1. Nelson Mandela: Long Walk to Freedom
This is such a necessary book because it gives you a brilliant overview of why the ANC was such a powerhouse of a party, and why Mandela was a great man (minus the ridiculous “ray ban” sculptures “in his honour. Cape Town, I’m looking at you). This is still the best book I have read about Mandela or the ANC. It is gripping, illuminating stuff.
2. Redi Tlabi: Endings and Beginnings
This book tells you something of the effect of apartheid on ordinary people. It is heartbreaking, triumphant and beautifully written. This book will change the way you see, which is what reading is all about.
3. K. Sello Duiker: Thirteen cents
Reading about a street kid trying to survive on Cape Town’s streets makes for uncomfortable reading, but the prose is electric and the author’s months on the streets as research makes this novel seem hyperreal. This is a read-in-one-sitting kind of book.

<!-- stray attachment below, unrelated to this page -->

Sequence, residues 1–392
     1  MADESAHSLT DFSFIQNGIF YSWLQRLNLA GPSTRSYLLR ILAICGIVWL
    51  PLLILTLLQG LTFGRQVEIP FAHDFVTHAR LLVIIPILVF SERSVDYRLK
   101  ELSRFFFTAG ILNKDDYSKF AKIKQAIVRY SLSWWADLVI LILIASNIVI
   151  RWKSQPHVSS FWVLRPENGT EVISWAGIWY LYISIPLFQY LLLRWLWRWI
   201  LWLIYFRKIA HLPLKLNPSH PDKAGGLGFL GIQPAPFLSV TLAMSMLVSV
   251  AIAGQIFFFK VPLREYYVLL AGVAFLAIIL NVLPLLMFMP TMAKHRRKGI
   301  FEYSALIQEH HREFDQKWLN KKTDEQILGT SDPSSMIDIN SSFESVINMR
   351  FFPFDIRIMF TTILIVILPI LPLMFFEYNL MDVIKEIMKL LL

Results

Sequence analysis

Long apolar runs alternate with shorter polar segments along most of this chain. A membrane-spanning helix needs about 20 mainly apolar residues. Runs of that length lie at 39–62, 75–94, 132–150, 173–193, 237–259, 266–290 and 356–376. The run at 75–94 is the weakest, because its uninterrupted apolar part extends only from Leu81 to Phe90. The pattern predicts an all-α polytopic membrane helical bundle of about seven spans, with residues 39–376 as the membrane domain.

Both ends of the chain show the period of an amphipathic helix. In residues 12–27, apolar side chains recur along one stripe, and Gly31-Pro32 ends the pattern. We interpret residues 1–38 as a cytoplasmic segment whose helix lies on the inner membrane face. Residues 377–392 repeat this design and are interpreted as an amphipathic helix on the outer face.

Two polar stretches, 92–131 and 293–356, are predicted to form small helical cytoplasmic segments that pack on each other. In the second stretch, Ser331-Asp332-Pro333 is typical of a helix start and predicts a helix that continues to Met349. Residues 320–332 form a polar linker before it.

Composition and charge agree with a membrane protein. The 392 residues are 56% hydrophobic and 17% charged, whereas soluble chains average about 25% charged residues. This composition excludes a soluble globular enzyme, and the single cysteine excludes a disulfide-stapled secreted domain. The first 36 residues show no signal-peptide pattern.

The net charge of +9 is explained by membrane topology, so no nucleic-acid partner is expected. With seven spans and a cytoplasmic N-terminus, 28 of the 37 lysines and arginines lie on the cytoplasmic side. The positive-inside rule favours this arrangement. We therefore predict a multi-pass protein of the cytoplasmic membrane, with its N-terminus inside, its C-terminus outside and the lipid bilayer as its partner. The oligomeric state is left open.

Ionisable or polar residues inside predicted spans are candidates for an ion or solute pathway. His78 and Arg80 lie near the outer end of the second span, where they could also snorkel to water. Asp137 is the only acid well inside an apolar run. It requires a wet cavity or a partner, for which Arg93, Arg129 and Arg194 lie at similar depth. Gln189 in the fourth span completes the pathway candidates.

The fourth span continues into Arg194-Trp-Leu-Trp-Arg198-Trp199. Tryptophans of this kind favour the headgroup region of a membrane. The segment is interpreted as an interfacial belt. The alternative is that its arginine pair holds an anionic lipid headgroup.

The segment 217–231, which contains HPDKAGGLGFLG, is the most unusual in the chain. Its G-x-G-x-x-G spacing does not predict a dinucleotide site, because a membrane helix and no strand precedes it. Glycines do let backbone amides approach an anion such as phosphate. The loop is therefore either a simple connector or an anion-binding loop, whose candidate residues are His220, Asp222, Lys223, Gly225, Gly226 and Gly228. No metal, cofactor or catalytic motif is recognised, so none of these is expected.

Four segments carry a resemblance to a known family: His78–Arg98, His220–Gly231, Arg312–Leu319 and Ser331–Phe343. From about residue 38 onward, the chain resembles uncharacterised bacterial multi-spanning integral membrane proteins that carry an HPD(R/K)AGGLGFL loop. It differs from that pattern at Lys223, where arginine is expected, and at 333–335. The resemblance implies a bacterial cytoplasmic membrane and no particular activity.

4. A Hidden Wholeness: Parker Palmer
Palmer is an educationalist and theologian who writes about what it means to live with integrity. In a world where learners and adults alike are forced to construct increasingly strange masks in order to be (what is considered to be) “successful”, Palmer’s book is a clarion call to be true to our souls and to save our communities in the process.
5. Margaret Atwood: The Maddaddam Trilogy
Because climate change is real; and no one describes (and satirises) the patriarchy, environmental movements, unscrupulous big business, the problematic ethics of massive gated communities and the beautiful complications of human relationships like Margaret Atwood can.
Obviously, there are numerous other books I would love to put on this list, but these are the ones I am thinking of today.
To my (numerous) readers: what would be your picks?
PS: Thanks to Prof Jonathan Jansen and Bruce Collins for this idea!